Wednesday, September 30, 2009

Map of the Week-Henry Hudson 400

The Henry Hudson 400 Foundation was founded to commemorate the 400th anniversary of Hudson's voyage to North America. He explored New York harbor and sailed up what is now the Hudson River hoping to find the northwest passage to the Pacific. Instead he found Albany.

The Foundation has put together a series of events including a rare maps and documents exhibit; New Amsterdam, The Island at the Center of the World at the South Street Seaport Museum. The exhibit opened September 13th and runs through the end of the year. They also have put together an excellent website with a series of antique maps and data overlaid onto Google's maps.

This map shows Hudson's four voyages. The third one, in dark green took place in 1609. He explored the North Atlantic coast as far south as the Chesapeake Bay. The fourth voyage made it as far as the Hudson and James Bays in 1611 before his crew killed him in a mutiny.

Historic maps can be overlaid with Google in several ways. This is a direct overlay of a 1625 map of Amsterdam by Balthasar. The background map only shows up because I made a screen capture before it finished loading the Balthasar map.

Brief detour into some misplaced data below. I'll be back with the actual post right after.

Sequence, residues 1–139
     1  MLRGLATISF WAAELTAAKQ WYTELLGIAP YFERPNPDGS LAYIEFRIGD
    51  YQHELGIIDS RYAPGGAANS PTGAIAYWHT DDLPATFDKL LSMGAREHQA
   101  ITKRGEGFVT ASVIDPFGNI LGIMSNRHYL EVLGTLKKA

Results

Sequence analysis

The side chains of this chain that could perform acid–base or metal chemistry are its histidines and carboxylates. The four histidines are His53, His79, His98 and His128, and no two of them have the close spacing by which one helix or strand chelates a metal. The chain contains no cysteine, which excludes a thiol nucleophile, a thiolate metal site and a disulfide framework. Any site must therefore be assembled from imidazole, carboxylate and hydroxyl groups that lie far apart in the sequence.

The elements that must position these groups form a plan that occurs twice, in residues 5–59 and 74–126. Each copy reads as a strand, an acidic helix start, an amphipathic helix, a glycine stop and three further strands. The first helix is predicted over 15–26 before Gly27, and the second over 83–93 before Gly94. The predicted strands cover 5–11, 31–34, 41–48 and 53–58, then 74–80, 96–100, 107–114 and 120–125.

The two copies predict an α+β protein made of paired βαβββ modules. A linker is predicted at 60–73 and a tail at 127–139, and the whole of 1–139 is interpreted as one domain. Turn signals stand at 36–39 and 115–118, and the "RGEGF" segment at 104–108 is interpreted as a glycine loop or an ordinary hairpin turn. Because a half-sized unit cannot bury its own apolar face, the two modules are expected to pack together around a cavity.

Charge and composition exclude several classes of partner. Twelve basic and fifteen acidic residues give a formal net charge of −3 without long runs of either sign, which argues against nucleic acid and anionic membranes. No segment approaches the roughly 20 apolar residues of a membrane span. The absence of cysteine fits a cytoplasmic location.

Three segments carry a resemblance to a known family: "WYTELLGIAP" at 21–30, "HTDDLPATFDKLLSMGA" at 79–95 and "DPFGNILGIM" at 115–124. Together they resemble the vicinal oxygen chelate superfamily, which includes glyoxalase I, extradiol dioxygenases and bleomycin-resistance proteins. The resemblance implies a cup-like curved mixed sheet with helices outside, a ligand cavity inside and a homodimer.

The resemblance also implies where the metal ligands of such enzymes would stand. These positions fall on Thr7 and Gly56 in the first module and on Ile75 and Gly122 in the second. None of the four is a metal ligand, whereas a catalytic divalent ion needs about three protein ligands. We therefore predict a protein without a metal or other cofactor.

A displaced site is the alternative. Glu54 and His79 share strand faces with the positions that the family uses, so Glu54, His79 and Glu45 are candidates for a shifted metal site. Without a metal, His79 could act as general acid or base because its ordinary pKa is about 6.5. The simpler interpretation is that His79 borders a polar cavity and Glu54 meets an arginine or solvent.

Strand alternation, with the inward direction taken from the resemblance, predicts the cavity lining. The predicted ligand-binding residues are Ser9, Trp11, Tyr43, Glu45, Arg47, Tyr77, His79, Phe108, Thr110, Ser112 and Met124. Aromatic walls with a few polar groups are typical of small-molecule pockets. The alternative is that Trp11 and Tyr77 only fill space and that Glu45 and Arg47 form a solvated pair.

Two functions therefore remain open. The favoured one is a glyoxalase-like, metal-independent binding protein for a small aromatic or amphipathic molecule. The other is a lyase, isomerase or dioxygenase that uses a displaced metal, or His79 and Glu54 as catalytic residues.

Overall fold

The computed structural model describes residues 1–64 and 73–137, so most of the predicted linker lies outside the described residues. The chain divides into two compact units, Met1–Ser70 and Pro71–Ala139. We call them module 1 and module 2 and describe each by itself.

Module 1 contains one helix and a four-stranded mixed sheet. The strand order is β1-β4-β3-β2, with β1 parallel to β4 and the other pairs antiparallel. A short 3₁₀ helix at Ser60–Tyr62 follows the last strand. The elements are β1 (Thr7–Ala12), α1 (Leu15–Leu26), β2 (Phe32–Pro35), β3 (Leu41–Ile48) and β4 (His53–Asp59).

This 1731 James Lynne plan of lower Manhattan was overlaid using the transparency slider so you can see some of the Google map details in the background.

There is also a side-by-side viewing option as seen for the map "Novi Belgii Novaeque Angliae Nec Non Partis Virginiae Tabula"
by Nicolaes Janzsoon Visscher & Augustine Herman (1651 - 1655)

The site has an "Origins" tab where you can get information about the first kosher butcher or the area's first prostitute. There are also links to other maps around the world from this period of exploration shown under the somewhat confusing "Map Illustrations" heading. Finally, there are a series "Water Challenges" due to rising sea levels. Happy exploring!